"Sometimes it isn’t so much fun," says Max Venturi, a man who was destined to become a racing driver the day he was christened. "There are two places you have to be very careful. The first left-hander, because it's blind, and the flint wall."
Venturi has been coming to the Goodwood Festival of Speed since 2007, so he knows the hillclimb course well. That helps me to relax. The prospect of being flung up Lord March’s driveway in a 760bhp Lamborghini Centenario by somebody who didn’t know where he was going had made me a little nervous.
I meet Venturi and the exposed carbonfibre-bodied Centenario in the Supercar Paddock. We’re taking part in the first supercar run of the weekend, slap bang in the middle of a line-up that includes many of the world’s most exotic and expensive supercars. With just 40 ever built and a price tag approaching £2 million, the Centenario is among the rarest and most valuable of the lot.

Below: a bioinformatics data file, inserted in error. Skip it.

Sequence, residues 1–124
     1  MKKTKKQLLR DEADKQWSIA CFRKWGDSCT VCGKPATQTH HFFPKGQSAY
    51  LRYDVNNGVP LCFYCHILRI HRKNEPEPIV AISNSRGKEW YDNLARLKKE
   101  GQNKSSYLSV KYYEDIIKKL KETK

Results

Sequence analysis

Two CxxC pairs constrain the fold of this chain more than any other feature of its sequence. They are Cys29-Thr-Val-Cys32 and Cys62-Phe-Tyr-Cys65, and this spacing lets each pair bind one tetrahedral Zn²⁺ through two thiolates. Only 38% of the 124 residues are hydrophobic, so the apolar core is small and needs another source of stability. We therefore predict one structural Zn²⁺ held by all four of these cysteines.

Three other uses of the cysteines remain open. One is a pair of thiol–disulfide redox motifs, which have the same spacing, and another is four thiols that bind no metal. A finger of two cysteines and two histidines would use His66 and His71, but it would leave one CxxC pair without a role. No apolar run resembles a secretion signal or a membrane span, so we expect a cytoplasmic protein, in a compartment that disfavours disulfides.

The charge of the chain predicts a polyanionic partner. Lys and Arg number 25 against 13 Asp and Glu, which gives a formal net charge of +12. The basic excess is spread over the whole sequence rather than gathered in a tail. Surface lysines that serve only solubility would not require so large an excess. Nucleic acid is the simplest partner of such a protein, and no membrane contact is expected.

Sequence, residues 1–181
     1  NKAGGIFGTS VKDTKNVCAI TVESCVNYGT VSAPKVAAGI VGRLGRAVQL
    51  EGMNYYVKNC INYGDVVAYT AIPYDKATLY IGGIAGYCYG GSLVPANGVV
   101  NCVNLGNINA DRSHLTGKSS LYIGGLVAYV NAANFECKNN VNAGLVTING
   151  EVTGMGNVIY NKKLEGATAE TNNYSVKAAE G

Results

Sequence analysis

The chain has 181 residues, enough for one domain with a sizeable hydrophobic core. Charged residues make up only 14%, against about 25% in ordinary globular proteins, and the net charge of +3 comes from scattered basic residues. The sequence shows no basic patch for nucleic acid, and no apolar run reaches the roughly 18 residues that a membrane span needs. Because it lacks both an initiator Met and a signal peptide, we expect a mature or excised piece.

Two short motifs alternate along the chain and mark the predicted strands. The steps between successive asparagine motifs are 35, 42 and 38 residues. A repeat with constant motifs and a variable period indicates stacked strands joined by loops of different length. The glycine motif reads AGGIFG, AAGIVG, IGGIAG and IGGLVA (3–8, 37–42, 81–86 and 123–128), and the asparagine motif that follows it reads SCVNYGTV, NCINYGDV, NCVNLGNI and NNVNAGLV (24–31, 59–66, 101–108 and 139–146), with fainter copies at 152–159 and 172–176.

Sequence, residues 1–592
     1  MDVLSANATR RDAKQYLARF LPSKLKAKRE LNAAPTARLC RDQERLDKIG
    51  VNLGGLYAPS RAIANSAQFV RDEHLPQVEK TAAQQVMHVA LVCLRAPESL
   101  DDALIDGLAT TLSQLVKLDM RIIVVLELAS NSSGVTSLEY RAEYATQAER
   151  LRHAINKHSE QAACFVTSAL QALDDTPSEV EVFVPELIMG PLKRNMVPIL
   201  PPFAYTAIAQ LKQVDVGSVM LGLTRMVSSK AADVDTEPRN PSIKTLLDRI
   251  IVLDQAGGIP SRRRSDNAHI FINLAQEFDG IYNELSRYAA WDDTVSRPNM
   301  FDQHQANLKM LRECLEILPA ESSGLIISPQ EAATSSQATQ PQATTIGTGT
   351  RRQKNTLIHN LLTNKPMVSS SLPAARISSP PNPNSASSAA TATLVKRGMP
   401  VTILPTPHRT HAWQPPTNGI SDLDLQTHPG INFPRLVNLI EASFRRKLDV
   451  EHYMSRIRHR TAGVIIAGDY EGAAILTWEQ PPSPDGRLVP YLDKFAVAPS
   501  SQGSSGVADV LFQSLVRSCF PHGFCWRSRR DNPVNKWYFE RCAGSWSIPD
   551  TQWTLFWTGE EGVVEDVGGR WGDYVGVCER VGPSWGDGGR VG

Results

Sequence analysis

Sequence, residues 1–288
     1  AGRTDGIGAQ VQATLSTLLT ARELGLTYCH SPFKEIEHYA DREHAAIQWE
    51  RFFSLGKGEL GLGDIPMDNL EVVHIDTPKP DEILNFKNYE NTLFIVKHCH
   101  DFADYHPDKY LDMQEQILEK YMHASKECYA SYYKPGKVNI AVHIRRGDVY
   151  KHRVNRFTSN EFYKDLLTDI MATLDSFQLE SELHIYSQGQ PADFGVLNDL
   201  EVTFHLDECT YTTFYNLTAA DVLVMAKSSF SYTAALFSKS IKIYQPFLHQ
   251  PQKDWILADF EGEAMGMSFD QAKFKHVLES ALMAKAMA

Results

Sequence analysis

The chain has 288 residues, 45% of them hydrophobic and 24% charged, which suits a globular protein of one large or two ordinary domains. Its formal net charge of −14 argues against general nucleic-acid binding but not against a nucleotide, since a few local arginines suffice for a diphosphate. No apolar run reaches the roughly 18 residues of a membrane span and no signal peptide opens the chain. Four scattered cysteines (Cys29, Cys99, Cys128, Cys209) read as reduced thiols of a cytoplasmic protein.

There’s a buzz in the air as the three or four dozen supercars slowly shuffle from the paddock to the holding area at the start of the run. Engines are revved loudly while one or two weave and wheelspin to try to warm their tyres. Rain drops start to fall on the windscreen. My nerves spike again.
"We can’t get any heat into the tyres and there will be some mud on the road," says Venturi, unhelpfully. The queue slowly moves forward as one by one the cars are released up the hill. Our turn. Venturi switches the car into Corsa mode, pauses for a moment, and then boots it. The Centenario launches violently, the four driven wheels slipping slightly on the damp Tarmac. He carries good speed through the first two right-handers, powers under the bridge and brakes early for the tricky left-hander. Venturi keeps us out of the Hoy bales.
We blast up the hill and towards the flint wall. The tree cover means the sweeping right is completely unsighted, so Venturi is cautious, but after clearing the wall he carries so much more speed through the flowing rights and lefts that follow than I reckoned possible.